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MFS Modern Fiction Studies 49.2 (2003) 370-372
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Julian Murphet. Literature and Race in Los Angeles. Cambridge: Cambridge UP, 2001. x + 203 pp.
Literature and Race in Los Angeles might better be titled "Race in Los Angeles Literature." Julian Murphet's forte is literary analysis, strongly informed by the Marxist tradition of criticism from Lukács, Brecht, and Adorno to Jameson. Onto their methods he grafts de Certeau's attention to the "practice of everyday life," Bakhtin's chronotope, and, most usefully, Henri Lefebvre's threefold taxonomy of space: discourses responsible for the representation of space, symbolic/representational spaces, and everyday spatial practices. The apparatus is bulky, but it yields some interesting results, as in a chapter on "neo-noir" fiction that reads Walter Mosley's Easy Rawlins series as a response to James Ellroy's construction of African-American Los Angeles from the perspective of white law enforcement in the postwar/pre-Watts rebellion period. Juxtaposing the outsider anxieties of white lawmen with the lived experience of the private detective, Murphet probes the intersection of race, masculinity, and justice in the genre. A later chapter on contemporary "multicultural" poets Wanda Coleman, Luis J. Rodriguez, and Sesshu Foster opposes their descriptions of the destitute third-world enclaves created by global capitalism and local disinvestment to "the comfortable vision of [LA as] an integrated 'mosaic' of cultures" (142), increasing the gulf already apparent in the chapter on neo-noir historicism.
Murphet's extraliterary descriptions of the city draw almost exclusively from "LA-School" critics Mike Davis, Edward Soja, and Michael Dear, a trio at once influential and limited in scope and program. Thus, in a book that seeks to puncture "official myths" of LA, Murphet in turn offers several myths of his own and too many unwarranted assertions. Moreover, some of his key claims are not accurate. The enabling premise of this study of "minoritization" is that Los Angeles is "the first continental US city in which whites have fallen short of an outright majority" (1), yet a look at the 1980 census shows that while the non-Hispanic White population of that city had just dipped to 47.8% of the total, it was at or below 25% in Detroit, El Paso, Miami, Newark, and Washington DC, less than a third in Atlanta, under 40% in New Orleans and San Antonio, and 43% in Chicago. Even if the unit of measure is the metropolitan statistical area, Miami, San Antonio, and El Paso were majority minority cities before Los Angeles became one.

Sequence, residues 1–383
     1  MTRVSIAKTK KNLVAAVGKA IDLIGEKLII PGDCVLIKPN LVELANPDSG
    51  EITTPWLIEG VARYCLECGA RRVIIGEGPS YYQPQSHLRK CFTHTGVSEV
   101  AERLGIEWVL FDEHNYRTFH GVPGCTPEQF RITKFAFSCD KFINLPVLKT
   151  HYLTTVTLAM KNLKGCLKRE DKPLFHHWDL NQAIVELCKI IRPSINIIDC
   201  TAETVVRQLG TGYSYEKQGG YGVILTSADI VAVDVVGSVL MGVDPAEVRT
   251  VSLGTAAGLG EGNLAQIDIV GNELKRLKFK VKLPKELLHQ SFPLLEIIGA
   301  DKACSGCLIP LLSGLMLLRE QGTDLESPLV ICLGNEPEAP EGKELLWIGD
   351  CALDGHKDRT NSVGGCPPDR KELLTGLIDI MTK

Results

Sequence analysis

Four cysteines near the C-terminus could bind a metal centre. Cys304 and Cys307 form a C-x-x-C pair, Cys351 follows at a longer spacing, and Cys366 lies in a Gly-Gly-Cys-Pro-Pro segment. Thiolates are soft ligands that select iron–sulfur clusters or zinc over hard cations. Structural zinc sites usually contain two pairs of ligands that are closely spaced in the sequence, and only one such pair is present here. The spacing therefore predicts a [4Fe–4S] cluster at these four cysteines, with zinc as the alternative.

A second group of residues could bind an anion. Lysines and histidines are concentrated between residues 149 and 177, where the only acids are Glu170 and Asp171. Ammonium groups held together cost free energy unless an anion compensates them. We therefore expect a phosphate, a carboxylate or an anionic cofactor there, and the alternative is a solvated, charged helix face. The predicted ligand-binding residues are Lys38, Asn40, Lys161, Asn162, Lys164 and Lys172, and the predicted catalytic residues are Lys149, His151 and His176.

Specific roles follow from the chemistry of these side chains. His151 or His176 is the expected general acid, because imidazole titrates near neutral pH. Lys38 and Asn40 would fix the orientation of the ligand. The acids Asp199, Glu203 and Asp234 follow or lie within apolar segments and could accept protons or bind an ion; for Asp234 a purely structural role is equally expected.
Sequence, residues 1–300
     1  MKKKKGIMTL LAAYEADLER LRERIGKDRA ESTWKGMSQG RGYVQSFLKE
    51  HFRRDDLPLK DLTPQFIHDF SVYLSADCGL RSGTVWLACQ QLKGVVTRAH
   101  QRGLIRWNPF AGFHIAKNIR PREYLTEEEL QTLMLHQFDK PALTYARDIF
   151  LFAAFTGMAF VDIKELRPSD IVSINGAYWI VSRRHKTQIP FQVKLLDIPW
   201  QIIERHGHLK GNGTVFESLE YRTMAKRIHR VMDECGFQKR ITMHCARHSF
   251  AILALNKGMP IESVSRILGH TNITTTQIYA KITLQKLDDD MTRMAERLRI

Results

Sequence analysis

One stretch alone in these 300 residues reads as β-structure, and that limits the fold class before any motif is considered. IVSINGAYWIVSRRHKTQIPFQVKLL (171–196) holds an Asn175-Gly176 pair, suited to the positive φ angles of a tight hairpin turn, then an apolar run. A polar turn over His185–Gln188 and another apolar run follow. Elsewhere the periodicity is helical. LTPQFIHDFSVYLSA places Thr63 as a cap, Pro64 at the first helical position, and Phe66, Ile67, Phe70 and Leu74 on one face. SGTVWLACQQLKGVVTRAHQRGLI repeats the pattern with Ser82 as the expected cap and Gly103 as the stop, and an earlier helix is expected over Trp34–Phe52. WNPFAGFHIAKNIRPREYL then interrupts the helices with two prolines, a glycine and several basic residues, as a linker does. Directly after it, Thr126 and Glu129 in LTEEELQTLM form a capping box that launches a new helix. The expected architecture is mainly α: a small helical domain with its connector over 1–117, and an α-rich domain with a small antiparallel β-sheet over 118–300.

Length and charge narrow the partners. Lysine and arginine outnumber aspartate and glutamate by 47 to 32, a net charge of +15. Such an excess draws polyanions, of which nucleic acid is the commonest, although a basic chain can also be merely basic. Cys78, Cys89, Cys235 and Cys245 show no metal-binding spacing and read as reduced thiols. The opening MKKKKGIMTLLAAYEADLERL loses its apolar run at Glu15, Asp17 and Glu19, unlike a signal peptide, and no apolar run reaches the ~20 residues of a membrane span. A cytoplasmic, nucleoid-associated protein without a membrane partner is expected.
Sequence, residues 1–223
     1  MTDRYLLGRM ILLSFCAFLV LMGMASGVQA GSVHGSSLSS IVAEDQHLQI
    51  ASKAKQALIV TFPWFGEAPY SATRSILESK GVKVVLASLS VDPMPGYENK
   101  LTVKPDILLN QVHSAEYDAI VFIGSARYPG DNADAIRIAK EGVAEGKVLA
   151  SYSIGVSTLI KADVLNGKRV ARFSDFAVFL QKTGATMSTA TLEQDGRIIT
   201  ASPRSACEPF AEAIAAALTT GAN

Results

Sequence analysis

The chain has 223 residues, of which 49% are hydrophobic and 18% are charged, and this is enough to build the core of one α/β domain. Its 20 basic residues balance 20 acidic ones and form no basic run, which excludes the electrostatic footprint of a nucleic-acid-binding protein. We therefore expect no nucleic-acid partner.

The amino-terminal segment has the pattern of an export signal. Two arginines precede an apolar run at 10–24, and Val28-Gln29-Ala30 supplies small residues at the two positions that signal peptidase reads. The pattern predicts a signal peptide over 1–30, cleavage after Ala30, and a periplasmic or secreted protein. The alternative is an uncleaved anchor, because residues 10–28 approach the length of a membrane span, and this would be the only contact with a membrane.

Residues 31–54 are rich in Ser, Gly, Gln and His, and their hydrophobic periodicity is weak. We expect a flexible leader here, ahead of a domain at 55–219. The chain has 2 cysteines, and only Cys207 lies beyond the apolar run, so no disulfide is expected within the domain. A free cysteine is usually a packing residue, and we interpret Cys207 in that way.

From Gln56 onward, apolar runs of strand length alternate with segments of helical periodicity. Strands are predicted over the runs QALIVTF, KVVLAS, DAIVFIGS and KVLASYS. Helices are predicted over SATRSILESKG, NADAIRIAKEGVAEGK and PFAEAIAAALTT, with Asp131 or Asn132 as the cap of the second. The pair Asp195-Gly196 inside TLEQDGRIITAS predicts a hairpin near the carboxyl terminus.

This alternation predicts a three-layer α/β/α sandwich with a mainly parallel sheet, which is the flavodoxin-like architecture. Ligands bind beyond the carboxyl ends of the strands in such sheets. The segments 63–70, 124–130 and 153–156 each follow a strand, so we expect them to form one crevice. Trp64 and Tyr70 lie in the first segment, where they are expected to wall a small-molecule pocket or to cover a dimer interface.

Murphet's interest in minoritization and racial tension makes Twilight: Los Angeles, 1992 a fitting subject for his final chapter. Anna Deveare Smith's dramatic embodiment of contemporary Los Angeles—literally: it is a one-woman show—renders "the social as a [End Page 370] swarm of differences united by crisis" (150) in the aftermath of the April 1992 uprising; victims, activists, apologists, mediators, and public intellectuals all have their say. Twilight's documentary status raises questions that ought to be of primary concern in a book like Murphet's: on what basis does Smith choose which of her many interviewees to present in order to represent the city? How does she determine which passages are most representative of her subjects? I cannot think of another work in which the literary and political meanings of representation are so closely identified, but no sustained analysis of the way in which they affect each other is ventured. Murphet notes that Smith speaks of Twilight as "a very active negotiation [of difference] rather than an image of us just holding hands" (147), but does not trace that negotiation among the many different voices in the play that surely do not have equal insight or authority.
Murphet is in fact less concerned with what Smith does in Twilight than with her failure to provide "a privileged social agency in which the possibility of effecting political change is identified" (152). This objection is symptomatic of two larger difficulties with the book: Murphet's determination to reduce race in Los Angeles to a struggle...